In this activity, students set up a cross to identify the genotype of their unknown. Students will need virgin female flies for their crosses. Clear all flies from the vials 8–12 hours before the activity. This ensures that virgin females will be available for the crosses. (Female flies mate around 15 hours after emerging from pupa and can store sperm.) To make the unknowns, remove the labels from wild type and F1 vials and replace them with labels marked “Unknown 1” and “Unknown 2.” Students will need an empty vial with medium for their cross; alternatively, provide materials and instructions so they can prepare their own vial.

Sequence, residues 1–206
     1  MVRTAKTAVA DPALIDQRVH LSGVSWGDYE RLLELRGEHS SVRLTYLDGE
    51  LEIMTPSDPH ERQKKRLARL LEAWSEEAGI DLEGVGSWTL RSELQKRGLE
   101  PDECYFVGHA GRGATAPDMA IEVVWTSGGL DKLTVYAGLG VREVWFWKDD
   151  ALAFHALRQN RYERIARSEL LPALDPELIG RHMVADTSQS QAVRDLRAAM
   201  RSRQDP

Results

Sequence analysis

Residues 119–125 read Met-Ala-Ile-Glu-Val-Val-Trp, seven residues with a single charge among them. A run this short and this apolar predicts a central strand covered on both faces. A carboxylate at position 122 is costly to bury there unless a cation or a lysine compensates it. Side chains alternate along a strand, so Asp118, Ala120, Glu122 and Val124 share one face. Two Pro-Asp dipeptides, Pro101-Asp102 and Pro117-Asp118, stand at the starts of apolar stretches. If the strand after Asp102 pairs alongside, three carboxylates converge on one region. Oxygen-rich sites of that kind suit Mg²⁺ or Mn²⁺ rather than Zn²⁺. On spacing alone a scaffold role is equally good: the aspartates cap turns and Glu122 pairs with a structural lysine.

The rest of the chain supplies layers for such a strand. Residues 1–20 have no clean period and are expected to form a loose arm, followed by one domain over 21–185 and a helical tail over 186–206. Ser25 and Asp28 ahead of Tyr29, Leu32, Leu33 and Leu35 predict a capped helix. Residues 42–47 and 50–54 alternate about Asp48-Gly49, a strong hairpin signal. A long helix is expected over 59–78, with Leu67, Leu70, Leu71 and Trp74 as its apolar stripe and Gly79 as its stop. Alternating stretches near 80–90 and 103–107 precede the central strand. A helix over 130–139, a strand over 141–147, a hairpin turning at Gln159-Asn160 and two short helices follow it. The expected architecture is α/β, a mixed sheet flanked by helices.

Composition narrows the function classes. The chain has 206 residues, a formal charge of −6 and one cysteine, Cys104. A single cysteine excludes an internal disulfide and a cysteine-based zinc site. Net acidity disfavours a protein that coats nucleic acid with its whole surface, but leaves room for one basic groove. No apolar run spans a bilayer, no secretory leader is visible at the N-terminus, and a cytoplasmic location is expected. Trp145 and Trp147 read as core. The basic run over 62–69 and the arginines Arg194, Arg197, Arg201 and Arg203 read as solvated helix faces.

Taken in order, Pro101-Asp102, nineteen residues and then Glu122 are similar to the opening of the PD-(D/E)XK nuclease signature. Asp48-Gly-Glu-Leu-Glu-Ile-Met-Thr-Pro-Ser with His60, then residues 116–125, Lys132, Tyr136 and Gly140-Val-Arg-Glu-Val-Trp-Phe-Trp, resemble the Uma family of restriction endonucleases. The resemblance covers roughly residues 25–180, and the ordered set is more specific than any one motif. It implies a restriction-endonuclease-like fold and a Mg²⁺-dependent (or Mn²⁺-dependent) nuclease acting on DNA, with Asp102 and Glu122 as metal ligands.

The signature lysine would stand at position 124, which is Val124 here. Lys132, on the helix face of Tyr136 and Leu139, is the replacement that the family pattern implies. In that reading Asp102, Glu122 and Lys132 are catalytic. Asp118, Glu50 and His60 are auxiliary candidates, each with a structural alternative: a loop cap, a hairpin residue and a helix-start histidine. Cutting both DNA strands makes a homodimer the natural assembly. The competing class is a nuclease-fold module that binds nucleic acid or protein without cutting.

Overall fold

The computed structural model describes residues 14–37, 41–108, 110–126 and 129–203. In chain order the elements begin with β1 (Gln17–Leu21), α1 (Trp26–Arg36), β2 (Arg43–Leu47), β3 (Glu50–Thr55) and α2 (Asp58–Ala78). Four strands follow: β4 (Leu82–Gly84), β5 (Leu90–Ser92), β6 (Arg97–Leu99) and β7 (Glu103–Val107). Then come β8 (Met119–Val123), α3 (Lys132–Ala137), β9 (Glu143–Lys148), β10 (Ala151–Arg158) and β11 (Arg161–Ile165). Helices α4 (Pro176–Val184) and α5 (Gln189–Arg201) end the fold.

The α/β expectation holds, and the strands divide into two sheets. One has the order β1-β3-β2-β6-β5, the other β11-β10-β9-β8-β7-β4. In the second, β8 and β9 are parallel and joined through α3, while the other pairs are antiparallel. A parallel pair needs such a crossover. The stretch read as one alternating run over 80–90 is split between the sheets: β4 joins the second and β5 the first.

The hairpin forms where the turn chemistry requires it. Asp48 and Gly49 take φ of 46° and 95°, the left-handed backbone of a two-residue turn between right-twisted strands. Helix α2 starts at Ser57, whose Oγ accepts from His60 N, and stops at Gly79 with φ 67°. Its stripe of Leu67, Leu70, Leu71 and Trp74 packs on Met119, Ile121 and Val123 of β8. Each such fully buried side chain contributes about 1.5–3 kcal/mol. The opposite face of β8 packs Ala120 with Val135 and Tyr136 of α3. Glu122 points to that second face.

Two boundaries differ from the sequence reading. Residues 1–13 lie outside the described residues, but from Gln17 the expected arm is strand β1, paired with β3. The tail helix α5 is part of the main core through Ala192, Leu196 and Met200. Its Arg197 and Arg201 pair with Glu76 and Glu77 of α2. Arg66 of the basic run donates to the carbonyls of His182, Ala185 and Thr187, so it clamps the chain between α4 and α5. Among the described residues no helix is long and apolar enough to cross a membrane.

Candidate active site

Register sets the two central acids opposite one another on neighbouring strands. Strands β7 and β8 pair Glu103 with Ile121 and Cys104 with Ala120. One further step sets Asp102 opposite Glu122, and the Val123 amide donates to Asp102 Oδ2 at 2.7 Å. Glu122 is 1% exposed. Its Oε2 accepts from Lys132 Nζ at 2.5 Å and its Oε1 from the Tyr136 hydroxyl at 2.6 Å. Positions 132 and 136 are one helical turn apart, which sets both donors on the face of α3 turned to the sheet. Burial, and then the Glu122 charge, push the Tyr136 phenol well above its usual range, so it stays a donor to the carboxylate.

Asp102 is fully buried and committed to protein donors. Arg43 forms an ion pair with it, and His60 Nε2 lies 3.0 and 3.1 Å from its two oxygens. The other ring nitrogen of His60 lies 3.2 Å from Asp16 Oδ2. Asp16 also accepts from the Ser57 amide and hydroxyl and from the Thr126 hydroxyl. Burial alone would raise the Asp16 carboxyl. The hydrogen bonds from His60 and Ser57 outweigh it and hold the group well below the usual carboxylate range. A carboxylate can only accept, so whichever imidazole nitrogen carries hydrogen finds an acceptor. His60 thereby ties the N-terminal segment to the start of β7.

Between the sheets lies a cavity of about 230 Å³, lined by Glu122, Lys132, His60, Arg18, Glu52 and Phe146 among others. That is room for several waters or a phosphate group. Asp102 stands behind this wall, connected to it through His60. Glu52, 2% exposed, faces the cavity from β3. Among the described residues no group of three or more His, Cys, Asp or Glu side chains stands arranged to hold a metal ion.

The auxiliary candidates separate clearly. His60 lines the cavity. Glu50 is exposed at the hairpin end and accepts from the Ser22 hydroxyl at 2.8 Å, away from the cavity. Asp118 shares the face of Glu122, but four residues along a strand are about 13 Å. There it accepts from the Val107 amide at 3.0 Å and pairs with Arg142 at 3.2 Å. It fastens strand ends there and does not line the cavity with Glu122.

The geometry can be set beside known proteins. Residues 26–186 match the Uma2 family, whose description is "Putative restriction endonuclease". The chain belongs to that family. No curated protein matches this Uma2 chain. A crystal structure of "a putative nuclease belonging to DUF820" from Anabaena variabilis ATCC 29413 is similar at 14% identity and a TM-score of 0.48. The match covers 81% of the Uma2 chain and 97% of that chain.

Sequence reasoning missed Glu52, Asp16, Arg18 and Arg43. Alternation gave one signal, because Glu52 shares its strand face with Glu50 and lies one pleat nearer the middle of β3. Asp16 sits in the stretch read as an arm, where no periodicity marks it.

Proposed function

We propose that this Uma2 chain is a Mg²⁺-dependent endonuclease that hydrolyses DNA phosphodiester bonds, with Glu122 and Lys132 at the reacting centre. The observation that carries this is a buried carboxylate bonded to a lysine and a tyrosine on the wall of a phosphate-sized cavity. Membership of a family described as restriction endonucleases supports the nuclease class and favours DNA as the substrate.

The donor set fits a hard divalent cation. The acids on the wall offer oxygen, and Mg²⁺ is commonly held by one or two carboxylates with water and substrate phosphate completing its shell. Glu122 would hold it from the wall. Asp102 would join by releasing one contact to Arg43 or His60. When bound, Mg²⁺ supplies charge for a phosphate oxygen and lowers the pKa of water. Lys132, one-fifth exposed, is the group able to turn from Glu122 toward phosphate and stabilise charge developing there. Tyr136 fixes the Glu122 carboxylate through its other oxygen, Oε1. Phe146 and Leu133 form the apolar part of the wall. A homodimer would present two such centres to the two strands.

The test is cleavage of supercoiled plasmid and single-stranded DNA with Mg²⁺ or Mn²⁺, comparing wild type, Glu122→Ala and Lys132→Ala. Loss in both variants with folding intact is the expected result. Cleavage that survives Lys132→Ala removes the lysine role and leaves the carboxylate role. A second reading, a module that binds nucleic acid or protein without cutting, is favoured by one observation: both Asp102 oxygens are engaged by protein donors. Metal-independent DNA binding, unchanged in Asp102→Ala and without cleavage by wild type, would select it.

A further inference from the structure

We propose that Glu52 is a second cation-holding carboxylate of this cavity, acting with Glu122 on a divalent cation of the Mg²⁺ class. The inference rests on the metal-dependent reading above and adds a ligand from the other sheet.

Students will need the following materials for this activity:

vials of parent flies
vial of unknown flies
FlyNap Kit (for every 6–8 groups of students)
sorting brush
2 index cards
dissecting microscope

Observing the Results of Your Cross
In this activity, students observe the results of their testcross and draw conclusions about the genotype of their unknown flies. It requires about 2 weeks from the time that the cross is set up until testcross flies begin to emerge in the vials. It can take 2 to 3 days longer for mutant flies to emerge than those with the wild-type phenotype, so delay this part of the lab until a few days after the first flies emerge.

Students will need the following materials for this activity:

vials of testcross flies
FlyNap Kit (for every 6–8 groups of students)
sorting brush
index card
dissecting microscope